LOS ANGELES COUNTY: AIDS Emergency Declared
The Los Angeles County Board of Supervisors unanimously declared an "AIDS emergency" for the county's minorities yesterday. The move is intended as a "largely symbolic action" intended to underscore the dearth in federal and state funds earmarked for medical care and social services in minority communities. Supervisors warned that the county has "failed to stem the rapid spread of AIDS in minority communities," even as African Americans and Latinos account for 68% of all newly diagnosed HIV cases, the Los Angeles Times reports. County Supervisor Yvonne Brathwait Burke, who pushed for the emergency status, said, "The problem has moved from the male homosexual as the center of those who are being infected by HIV and AIDS to women, to minorities and to heterosexuals." African-American and Latino activists have long said the "decision-making power and funding have been slow to adjust to the changing demographics of the epidemic," arguing that many programs are modeled on initiatives successful in the gay community. The board's move comes one day after a Los Angeles Times two-part series showing that areas populated by minorities have a serious AIDS housing shortage. Dr. Eric Bing, head of HIV/AIDS services and King/Drew Medical Center, said that without "access to adequate health care and prevention," AIDS patients from minority neighborhoods are forgoing early intervention and are "arriving at county clinics and hospitals acutely ill." Dr. Chuck Henry, director of the county office of AIDS Programs and Policy, told supervisors yesterday that from 1991 to 1998, the proportion of AIDS cases among Latinos increased from 26% to 43%, while the proportion of cases among African Americans increased from 15% to 25%. Among whites, the proportion dropped from 55% to 30%. Warning against complacency, Henry urged the county health department to "challenge the perception that medical advances have stemmed the AIDS epidemic." Activists from minority communities told the supervisors that education and prevention programs "must be tailored to different racial and ethnic groups and must break down cultural taboos against the discussion of sexually transmitted diseases."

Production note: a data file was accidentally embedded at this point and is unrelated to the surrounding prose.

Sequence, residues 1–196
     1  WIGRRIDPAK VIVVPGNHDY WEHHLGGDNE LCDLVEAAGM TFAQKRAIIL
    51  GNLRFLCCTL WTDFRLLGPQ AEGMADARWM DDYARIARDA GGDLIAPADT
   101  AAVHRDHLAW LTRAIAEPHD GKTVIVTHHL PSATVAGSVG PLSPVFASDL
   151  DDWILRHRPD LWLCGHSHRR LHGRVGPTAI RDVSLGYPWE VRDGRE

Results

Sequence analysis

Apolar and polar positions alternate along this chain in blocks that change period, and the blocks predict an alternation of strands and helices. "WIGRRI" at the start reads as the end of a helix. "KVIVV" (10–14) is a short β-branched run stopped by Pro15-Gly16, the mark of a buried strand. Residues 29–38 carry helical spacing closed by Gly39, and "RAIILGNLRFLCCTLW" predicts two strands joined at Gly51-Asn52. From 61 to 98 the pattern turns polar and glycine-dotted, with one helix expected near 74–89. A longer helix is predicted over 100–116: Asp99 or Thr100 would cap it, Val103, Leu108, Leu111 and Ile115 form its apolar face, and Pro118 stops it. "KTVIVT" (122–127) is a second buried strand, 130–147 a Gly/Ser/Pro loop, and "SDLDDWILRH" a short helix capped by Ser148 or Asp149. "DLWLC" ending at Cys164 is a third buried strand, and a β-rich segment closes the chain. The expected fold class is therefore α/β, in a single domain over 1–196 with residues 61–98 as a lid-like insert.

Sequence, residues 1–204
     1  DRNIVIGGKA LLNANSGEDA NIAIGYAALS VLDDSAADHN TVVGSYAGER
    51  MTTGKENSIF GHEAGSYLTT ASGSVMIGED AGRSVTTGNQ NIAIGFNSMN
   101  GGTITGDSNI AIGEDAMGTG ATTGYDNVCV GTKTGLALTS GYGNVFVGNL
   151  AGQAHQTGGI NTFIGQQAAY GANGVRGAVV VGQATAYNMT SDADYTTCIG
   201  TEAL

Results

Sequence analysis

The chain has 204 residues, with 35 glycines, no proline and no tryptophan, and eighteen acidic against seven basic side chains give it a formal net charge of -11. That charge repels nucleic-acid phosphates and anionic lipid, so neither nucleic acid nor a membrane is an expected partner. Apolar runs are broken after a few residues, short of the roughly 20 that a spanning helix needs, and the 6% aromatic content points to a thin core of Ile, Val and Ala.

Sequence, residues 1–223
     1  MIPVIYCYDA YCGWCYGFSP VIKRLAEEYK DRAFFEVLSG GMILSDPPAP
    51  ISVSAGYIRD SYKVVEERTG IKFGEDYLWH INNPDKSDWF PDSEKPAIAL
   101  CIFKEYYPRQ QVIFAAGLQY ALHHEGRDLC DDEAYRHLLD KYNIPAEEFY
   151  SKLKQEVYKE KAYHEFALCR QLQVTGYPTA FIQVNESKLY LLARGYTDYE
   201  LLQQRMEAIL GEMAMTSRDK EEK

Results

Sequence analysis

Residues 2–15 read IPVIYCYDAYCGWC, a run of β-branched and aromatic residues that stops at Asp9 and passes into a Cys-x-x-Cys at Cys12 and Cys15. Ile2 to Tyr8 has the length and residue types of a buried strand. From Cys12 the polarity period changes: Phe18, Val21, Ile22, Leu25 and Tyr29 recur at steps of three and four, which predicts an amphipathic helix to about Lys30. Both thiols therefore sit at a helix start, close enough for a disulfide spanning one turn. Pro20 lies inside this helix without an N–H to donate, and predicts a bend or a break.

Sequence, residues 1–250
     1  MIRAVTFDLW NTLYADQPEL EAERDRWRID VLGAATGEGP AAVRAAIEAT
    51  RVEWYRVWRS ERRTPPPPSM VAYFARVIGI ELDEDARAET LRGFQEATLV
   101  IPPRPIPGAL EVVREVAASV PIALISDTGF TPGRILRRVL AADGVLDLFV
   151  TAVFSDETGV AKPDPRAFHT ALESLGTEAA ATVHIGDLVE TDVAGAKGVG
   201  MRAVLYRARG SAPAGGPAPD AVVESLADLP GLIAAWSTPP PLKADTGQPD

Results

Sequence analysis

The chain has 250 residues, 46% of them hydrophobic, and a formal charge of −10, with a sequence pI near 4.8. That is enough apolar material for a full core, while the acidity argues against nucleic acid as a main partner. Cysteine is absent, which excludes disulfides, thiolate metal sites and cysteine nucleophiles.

HHS to the Rescue?
The supervisors plan to send a letter to HHS and the state Department of Health Services asking for "appropriate funding ... to increase and sustain HIV/AIDS prevention, care and treatment services in ... communities severely impacted by the disease." Calling Los Angeles County's AIDS crisis a "very serious situation," Vanessa Baird, acting chief of the state's Office of AIDS, said the county's request will be considered. While HHS could not comment on the emergency declaration, HHS Assistant Secretary for Public Affairs Melissa Skolfield noted that HHS Secretary Donna Shalala had been working with the Congressional Black Caucus to secure $150 million to help local communities like Los Angeles County (Rabin/Stewart, 9/29).